Broadcast Lobbies Partner with Box Makers

The Association for Maximum Service Television, or MSTV, and the National Association of Broadcasters NAB have selected two consumer electronics powerhouses to help develop digital-to-analog television converters. The two broadcast lobbies tapped Thomson and LG Electronics for the converter project. The organ
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The Association for Maximum Service Television, or MSTV, and the National Association of Broadcasters NAB have selected two consumer electronics powerhouses to help develop digital-to-analog television converters.

The two broadcast lobbies tapped Thomson and LG Electronics for the converter project. The organizations issued a Request for Quotes on the project in June in an effort to establish an expected performance standard. A dozen companies made submissions; Thomson and LG presented the closest thing to a finished product the lobbies were looking for.

Dave Arland, vice president of government relations for Thomson, said the same team that's been making DirecTV receivers would be working on the D-to-A converters. MSTV and NAB are looking for several features in addition to what is already available in standalone OTA digital TV receivers, namely, a smart antenna interface. Other sought-after features include simple navigation, remote control compatibility and low cost.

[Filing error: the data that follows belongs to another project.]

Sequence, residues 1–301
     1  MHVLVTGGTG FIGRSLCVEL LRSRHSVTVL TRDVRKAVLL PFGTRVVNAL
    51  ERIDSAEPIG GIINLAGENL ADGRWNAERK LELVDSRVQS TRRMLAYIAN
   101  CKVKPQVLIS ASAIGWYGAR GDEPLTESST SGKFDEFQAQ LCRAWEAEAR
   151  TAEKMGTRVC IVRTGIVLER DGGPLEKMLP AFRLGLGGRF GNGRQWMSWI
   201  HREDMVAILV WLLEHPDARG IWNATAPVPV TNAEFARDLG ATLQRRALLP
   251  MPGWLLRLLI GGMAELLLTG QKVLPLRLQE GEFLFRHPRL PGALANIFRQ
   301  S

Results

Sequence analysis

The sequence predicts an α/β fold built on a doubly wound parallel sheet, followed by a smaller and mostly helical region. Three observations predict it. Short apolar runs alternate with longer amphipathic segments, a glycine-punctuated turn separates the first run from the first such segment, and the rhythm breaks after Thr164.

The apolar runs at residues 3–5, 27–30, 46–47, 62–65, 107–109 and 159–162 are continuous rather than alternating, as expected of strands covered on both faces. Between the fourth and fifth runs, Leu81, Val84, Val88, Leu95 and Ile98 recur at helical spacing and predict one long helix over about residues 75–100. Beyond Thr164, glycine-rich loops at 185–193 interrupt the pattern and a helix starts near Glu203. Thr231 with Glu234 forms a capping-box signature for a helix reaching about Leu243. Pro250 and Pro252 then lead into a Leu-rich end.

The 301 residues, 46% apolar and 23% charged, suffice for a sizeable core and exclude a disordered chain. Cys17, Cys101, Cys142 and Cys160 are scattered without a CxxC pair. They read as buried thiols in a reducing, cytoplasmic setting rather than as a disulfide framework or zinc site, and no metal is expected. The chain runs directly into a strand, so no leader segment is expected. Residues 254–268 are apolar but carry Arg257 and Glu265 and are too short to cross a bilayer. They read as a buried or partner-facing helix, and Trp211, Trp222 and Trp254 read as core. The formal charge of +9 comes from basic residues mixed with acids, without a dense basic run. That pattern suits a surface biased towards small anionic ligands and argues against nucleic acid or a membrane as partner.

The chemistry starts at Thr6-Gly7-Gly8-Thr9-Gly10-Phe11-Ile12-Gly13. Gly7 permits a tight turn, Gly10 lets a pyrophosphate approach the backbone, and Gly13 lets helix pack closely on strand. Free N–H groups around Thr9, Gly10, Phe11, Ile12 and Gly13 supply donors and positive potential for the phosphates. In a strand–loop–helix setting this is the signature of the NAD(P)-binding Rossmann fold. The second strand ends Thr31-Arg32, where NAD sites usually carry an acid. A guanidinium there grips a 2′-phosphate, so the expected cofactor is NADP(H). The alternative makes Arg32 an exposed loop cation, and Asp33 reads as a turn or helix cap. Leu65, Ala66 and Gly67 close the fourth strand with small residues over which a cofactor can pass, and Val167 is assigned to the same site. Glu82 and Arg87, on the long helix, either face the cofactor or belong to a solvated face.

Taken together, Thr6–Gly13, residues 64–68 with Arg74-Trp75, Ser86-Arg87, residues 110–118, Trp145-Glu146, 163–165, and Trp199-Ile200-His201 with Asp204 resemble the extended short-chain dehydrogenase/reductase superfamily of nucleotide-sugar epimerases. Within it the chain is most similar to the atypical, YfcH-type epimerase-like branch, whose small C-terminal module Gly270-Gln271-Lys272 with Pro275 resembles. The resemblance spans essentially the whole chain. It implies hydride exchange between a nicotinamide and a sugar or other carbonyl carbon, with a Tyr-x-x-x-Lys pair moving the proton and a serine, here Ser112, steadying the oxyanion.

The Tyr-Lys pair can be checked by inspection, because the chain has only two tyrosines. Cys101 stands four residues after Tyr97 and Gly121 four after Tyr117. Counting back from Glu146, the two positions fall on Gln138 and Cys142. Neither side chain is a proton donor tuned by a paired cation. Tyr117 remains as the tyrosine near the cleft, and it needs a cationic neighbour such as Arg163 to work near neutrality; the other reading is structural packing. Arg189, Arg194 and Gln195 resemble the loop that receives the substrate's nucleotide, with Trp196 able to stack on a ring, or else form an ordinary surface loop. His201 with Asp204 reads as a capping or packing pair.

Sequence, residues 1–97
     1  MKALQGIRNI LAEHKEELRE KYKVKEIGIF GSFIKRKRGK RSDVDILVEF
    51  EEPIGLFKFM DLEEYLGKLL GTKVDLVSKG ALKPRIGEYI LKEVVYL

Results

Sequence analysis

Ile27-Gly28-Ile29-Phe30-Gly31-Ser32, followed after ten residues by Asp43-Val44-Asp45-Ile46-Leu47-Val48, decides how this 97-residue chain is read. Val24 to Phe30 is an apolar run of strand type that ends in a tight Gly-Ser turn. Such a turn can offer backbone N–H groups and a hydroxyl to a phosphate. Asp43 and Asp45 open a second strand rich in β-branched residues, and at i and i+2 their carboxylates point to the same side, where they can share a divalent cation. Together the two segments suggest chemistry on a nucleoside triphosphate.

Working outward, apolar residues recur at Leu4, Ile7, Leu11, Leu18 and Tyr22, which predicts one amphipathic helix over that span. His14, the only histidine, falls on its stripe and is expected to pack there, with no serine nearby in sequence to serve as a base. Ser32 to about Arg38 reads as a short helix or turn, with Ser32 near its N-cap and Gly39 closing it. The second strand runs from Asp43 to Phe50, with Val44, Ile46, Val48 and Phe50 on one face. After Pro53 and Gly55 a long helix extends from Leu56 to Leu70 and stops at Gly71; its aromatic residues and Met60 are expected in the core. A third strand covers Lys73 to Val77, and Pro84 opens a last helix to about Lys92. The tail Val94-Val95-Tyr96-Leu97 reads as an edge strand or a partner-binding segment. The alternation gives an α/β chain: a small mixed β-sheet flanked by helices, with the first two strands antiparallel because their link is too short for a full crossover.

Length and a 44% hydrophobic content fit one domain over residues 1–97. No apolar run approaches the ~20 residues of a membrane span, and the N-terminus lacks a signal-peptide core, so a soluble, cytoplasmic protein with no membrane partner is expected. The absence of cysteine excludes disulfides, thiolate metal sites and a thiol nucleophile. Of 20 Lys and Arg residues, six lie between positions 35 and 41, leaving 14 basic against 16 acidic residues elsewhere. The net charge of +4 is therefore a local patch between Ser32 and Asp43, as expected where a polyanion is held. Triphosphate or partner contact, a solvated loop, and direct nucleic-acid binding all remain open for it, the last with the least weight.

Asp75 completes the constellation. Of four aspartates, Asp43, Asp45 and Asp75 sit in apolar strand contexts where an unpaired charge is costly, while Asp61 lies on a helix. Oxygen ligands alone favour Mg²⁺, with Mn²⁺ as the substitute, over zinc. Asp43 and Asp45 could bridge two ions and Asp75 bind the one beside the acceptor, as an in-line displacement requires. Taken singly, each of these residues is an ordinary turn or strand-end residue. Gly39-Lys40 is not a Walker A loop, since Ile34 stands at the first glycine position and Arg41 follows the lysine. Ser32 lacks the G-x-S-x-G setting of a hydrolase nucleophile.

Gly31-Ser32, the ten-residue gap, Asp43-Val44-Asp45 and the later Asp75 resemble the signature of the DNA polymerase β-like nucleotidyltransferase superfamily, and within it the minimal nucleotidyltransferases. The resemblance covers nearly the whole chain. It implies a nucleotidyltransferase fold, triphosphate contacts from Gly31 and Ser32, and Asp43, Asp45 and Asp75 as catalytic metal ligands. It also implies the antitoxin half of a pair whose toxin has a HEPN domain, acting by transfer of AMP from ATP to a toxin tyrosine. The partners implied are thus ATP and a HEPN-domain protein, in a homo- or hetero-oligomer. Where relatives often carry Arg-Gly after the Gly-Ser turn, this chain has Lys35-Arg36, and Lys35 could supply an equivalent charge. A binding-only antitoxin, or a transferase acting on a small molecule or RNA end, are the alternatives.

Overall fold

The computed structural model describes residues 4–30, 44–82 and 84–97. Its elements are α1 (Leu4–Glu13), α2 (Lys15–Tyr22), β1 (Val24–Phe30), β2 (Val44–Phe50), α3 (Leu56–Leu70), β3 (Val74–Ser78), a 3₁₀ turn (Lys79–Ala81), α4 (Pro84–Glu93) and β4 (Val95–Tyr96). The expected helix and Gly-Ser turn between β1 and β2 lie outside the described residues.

LG recently demonstrated a small D-to-A converter on Capitol Hill, where lawmakers are grappling with whether or not to provide a subsidy for consumers to buy them when analog signals go dark. The co-development agreement neither enjoins other manufacturers from making their own converters, nor does it have any relationship to the potential subsidy from Capitol Hill. It is simply an effort on the part of the broadcast groups to establish quality control in a finite market.

Dave Donovan, president of MSTV, said it's imperative that the converters work right from the get-go, since there will be no subsequent generations of the product should analog TVs disappear from the market as planned.

"This is a one-time shot," he said. "It's a unique market."